Transforming Trauma: a Guide to Understanding and Treating Adult Survivors of Child Sexual Abuse is a book written by Anna C. Salter, an offender therapist, who collected the existing knowledge on the subject providing new tools, perspectives, and approaches to the problem. The book provides a profound analysis of both the micro and the macro context of molestation and attempts to incorporate the obtained knowledge into a practical therapy.
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Salter not only describes and explains the experience of the victim but also gives an insight into the psychology of the offender, which allows the reader to view the problem from a different angle. This awareness of the processes happening in the abuser’s mind is essential for providing a comprehensive abuse-focused therapy as it allows the therapist to understand what traumas the survivor must have received judging by the condition of the offender. Moreover, Salter recognizes and struggles against the tendency of the observers to blame either the offender or the victim separately.
The major novelty of the book is the way it expands our understanding of sexual abuses. The author steps aside from the commonly accepted perception of the offender as a maniac or a beast. Salter suggests approaching both the victim and the survivor therapeutically. She claims that it would be insufficient to study only one perspective of the crime. The human society, though it wants to stay detached from the atrocities of sexual crimes is hardly different from the parties directly involved in them.
Salter promotes the idea of savagery and vulnerability that coexist in our nature. Although she does not express any sympathy to molesters, she still manages to achieve an understanding of their motifs that become evident in the course of treatment. The ultimate goal of the book is to destroy the horrifying illusion that the trauma children receive is the making of an unearthly monster, whose actions can be neither justified nor even explained.
The author starts her speculations upon the essence of the problem and its possible treatment with the introduction of the existing approaches. The conclusions she makes can be summarized as follows:
- the treatments of sex offenders and survivors of child sex abuse are currently polarized and have very few points of tangency;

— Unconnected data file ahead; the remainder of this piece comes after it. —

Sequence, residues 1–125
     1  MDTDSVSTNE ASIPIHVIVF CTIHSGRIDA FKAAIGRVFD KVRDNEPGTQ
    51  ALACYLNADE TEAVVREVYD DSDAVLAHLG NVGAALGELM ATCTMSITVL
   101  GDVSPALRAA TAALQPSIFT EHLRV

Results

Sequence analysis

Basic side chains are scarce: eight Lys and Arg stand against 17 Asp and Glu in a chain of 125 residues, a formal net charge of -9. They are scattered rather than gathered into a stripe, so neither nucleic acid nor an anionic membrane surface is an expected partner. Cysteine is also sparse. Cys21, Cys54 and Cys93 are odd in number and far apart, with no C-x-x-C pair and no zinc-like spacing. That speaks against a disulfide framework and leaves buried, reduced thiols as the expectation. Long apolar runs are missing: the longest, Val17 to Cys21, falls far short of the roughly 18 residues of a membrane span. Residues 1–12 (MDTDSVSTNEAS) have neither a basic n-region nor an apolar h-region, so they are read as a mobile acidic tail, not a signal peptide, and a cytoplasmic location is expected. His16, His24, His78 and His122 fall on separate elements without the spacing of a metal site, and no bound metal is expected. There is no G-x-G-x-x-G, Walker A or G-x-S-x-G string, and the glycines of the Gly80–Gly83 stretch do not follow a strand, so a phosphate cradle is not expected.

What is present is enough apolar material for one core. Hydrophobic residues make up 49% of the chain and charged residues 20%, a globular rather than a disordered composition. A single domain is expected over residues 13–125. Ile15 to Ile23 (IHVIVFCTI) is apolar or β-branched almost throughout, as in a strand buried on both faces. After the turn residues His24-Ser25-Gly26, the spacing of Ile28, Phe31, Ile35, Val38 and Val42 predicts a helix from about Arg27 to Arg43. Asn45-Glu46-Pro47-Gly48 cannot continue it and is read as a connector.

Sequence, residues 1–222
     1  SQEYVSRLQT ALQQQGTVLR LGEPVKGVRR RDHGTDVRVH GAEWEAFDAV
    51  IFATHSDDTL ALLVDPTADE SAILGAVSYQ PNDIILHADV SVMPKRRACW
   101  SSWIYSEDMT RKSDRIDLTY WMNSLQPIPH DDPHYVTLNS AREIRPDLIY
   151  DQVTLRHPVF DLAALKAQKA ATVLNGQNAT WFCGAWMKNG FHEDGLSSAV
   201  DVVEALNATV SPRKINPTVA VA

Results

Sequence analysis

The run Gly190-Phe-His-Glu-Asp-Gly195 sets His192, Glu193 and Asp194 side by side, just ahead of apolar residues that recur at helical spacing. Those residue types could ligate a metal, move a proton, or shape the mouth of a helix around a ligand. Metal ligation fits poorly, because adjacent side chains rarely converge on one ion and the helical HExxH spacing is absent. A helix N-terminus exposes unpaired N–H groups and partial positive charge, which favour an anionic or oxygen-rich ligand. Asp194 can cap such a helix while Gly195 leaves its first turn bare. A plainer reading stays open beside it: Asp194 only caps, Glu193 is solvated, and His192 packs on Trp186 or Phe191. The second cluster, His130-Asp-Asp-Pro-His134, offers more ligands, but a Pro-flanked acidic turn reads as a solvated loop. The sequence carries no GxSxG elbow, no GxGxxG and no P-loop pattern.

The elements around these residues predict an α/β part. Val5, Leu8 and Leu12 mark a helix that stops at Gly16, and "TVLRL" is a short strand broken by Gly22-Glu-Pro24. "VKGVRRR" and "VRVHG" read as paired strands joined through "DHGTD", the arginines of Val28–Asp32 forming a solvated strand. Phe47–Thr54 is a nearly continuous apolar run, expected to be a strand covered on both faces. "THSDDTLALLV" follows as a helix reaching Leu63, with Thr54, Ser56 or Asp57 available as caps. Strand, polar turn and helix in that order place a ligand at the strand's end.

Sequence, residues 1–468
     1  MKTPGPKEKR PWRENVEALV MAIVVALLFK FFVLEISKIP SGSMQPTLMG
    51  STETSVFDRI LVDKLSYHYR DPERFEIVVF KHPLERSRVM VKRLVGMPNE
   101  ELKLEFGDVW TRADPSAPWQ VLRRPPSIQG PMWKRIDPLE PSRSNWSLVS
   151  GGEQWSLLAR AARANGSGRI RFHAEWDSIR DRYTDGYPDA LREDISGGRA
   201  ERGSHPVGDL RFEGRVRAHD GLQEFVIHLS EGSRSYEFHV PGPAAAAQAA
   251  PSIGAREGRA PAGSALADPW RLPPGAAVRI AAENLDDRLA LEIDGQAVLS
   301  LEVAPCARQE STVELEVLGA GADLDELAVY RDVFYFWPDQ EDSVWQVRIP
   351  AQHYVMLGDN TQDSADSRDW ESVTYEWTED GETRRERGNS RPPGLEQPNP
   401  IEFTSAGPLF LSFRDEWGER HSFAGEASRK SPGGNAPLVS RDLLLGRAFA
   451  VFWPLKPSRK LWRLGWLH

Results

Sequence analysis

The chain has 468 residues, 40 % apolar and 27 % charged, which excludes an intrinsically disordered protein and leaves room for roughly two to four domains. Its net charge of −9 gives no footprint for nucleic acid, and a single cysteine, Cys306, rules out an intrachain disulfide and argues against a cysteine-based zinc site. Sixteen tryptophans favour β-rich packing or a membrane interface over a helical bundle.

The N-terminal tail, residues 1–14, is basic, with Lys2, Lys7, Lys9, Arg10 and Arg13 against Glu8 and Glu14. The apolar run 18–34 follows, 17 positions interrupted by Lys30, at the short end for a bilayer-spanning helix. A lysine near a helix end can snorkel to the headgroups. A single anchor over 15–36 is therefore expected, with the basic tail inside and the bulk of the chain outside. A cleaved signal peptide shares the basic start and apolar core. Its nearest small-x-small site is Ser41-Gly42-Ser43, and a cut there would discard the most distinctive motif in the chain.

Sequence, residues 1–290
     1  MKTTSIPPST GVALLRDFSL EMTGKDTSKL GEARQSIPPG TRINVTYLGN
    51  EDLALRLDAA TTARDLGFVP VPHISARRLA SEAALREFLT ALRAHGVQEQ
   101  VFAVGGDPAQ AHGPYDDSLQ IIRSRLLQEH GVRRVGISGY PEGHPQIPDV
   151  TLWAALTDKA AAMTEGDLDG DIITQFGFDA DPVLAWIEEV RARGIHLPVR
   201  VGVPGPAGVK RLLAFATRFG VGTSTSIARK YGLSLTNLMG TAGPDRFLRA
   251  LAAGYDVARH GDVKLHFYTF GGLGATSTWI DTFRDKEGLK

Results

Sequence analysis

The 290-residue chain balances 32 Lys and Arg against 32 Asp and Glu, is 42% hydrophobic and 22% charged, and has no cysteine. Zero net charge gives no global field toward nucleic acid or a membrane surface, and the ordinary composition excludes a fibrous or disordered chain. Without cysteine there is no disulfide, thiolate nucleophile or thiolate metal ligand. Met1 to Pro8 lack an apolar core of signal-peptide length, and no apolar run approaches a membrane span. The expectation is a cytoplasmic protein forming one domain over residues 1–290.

- the nature of contact between the offender and the therapist is drastically different from the one established between the therapist and the victim;
- aversive conditioning technique is the most commonly used practice with child molesters; they are often forced to take polygraph and plethysmograph tests and obey fully to the therapist’s requirements at the risk of imprisonment in case of misbehavior;
- trust relationships are rare and replaced by external observation;
- the basic technique of treating adult survivors is confirmation: its goal is to reduce the shame instead of cultivating it;
- offender and survivor therapists cannot provide effective monitoring of their patients unless they cooperate in order to analyze the thinking patterns of the opposite party.
The book addresses the following issues that could help develop a comprehensive program of treatment:
- what the therapist who treats adult survivors of child abuse must know about the psychology of molesters in order to have a comprehensive picture of the harm (both physiological and psychological) that was done to the victim;
- what are the basic differences between sadistic and non-sadistic offenders and their relations to the victim;
- what footprints different types of molesters leave on the psyche of survivors;
- in what ways an early psychological trauma affects further life, development, and self-esteem of survivors;
- what techniques can be implemented in order to help the survivor to get rid of the pervasive image of the intruder;
- what stages the therapy should include;
- which interventions are indeed therapeutic and which are not;
- what can be done to help the survivor not only to tolerate the traumatic experience but to transform it?
Before identifying what therapy is and how the treatment should be performed, Salter goes into detail about what the therapy is not. The point she makes is that not everything that the doctor does is treatment. A lot of therapists commit serious mistakes. Among the most outrageous ones is having physical intercourse with the patient on the basis of his/her vulnerability caused by sexual abuse in childhood.